The present invention is a device for performing polarization mode dispersion (PMD) measurements of an optical fiber. The present PMD measurement device uses a fixed analyzer method in a novel manner. The wavelength-selective element is a Fabry-Perot inferometer which is capable of performing very fast tunable wavelength filtering of light emerging from the optical fiber. An additional fixed optical bandpass filter blocks unwanted interference orders generated by the interferometer. At the same time, the broadband filter defines the spectral tuning range and is used as a wavelength reference for calibrating the spectrum. A scanning algorithm directs the interferometer to perform multiple scans at different velocities, enables fast scans, for accurate PMD measurement of moving optical cable. The PMD measurement device is able to scan over a wide wavelength range and yet has a narrow linewidth.
According to the embodiments described herein, a device for performing polarization mode dispersion (PMD) measurements of an optical fiber is disclosed. The PMD measurement device, which employs a fixed analyzer method, includes a Fabry-Perot inferometer as the wavelength-selective element, as well as an optical bandpass filter. See
As in the prior art fixed analyzer method (
The Fabry-Perot interferometer 76 is the wavelength selective element of the receiver 80. The Fabry-Perot interferometer 76 performs spectral filtering of the transmitted light 66. The Fabry-Perot interferometer 76 includes two movable reflectors with a thin spacer in between. The transmission function of this interferometer is given by the wavelength dependent phase of the light after multiple reflections at the mirrors. Constructive interference occurs for wavelengths which are reflected in-phase. These in-phase wavelengths are transmitted through the interferometer. Other wavelengths are reflected. The Fabry-Perot interferometer 76 is thus a type of passband filter.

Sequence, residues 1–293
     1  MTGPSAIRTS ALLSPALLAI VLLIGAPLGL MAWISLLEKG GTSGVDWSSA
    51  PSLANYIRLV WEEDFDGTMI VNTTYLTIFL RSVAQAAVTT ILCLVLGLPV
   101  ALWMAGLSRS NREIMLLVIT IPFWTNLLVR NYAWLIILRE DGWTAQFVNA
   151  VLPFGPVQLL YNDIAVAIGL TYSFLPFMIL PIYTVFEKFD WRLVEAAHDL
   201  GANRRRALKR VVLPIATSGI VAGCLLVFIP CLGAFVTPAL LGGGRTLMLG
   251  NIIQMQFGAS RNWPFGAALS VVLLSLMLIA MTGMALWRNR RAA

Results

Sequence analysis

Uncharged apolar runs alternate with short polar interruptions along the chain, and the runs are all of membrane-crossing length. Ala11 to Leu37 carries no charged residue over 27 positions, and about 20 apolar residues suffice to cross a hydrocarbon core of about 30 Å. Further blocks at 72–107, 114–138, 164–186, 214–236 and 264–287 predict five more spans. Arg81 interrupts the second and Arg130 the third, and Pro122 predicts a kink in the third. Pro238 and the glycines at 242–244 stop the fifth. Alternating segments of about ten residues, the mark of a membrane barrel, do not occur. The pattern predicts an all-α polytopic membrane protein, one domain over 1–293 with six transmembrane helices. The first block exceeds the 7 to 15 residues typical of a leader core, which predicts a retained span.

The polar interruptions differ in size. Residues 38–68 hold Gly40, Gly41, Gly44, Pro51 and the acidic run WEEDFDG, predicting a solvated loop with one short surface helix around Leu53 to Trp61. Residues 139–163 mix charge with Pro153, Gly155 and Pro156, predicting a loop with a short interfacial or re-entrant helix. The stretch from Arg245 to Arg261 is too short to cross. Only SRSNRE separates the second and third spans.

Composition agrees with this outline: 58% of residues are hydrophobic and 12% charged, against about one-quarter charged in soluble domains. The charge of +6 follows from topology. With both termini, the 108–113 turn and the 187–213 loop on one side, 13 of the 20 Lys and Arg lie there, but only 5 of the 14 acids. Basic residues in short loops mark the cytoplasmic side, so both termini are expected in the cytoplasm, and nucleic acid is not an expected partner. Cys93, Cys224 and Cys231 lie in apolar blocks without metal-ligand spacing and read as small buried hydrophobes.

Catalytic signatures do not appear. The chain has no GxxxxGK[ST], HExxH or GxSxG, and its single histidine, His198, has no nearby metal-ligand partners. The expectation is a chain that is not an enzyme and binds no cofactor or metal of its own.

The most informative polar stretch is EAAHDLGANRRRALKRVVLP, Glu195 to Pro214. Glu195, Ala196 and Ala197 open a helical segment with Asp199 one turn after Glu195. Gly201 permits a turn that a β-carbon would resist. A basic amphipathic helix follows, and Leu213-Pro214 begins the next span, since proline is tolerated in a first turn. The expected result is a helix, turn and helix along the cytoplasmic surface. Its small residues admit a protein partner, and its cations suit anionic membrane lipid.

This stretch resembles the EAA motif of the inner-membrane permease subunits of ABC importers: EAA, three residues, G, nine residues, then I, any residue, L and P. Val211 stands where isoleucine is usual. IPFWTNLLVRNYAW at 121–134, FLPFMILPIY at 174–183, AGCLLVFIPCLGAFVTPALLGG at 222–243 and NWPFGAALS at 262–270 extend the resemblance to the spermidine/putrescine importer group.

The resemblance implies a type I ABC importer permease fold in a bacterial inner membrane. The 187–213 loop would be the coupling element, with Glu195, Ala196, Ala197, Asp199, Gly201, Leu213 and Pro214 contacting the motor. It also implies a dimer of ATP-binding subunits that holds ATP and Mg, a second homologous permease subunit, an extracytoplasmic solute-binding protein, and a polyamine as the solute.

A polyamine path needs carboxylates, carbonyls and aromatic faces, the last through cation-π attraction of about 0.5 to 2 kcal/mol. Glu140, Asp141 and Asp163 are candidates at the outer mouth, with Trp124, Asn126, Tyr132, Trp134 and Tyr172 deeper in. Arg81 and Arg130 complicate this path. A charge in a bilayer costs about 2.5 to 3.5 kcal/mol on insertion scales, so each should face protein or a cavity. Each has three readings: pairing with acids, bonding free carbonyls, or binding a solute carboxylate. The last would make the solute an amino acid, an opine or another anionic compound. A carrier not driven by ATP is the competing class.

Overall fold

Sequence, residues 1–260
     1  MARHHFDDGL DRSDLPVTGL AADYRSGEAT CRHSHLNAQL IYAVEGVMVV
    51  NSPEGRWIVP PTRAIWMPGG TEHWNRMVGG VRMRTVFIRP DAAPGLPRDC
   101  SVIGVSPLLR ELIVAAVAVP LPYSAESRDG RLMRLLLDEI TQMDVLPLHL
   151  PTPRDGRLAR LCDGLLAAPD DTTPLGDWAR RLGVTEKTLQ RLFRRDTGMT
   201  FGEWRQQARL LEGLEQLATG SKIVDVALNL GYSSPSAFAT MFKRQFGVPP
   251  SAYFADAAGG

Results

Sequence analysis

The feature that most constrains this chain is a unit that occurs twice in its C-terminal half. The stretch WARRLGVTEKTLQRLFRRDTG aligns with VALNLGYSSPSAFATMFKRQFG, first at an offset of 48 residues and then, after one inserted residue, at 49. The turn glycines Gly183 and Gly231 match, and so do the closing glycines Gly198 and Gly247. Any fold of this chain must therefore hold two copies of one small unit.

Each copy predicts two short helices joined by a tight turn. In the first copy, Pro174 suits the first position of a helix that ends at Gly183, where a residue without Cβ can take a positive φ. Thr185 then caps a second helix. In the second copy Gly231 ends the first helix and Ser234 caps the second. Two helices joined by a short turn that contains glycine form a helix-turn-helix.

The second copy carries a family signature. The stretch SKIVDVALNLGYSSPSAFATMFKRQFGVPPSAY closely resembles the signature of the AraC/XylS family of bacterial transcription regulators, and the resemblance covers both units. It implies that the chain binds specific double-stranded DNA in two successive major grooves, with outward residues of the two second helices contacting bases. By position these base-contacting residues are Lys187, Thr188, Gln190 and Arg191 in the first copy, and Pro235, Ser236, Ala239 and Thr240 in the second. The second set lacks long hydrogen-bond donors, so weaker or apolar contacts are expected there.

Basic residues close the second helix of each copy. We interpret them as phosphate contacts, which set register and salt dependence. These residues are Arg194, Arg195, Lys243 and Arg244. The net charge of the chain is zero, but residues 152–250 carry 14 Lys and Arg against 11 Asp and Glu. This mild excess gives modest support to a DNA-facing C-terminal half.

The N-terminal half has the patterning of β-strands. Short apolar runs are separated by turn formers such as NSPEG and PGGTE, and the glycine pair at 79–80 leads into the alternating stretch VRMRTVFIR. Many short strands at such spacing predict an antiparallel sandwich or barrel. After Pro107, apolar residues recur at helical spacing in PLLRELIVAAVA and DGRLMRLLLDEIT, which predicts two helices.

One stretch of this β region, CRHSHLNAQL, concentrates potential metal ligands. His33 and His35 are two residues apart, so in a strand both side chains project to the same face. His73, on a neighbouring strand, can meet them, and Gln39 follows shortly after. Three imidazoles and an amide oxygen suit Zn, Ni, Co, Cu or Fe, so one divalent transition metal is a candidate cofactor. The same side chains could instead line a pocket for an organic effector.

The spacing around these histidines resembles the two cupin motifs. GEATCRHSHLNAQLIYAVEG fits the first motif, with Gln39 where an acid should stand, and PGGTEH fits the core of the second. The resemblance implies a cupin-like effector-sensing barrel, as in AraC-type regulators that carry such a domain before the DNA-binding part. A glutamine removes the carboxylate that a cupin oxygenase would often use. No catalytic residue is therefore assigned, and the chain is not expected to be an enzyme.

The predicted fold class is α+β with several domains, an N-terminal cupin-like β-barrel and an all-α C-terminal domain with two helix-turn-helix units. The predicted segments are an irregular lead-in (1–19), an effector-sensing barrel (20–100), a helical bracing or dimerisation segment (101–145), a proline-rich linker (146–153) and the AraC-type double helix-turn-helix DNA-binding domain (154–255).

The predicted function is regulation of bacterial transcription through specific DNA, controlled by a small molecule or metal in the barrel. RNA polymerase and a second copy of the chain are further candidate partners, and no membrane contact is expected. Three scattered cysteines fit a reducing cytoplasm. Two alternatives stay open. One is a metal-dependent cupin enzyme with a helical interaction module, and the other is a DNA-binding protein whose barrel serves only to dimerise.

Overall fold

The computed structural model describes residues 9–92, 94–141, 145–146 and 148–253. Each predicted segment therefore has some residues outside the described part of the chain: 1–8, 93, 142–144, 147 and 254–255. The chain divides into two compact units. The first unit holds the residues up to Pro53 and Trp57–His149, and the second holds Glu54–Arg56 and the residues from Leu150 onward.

Accordingly, the Fabry-Perot interferometer 76 may be tuned to let pass a desired wavelength, filtering out other wavelengths. In contrast to diffraction gratings, thin-film filters, and other types of tunable filters, which are operated mechanically, the Fabry-Perot interferometer 76 has no moving parts. Instead, the Fabry-Perot interferometer 76 uses piezoelectric technology to move the reflecting surfaces, such that a desired wavelength passes through the surfaces. The interferometer 76 may thus scan an incoming optical signal at a high rate without the use of moving parts. Further, the Fabry-Perot interferometer may be produced with a very small spectral linewidth, allowing higher PMD values to be measured. The Fabry-Perot interferometer 76 thus improves the quality of the scanning filter 78 in the PMD measurement device 100 over prior art technologies.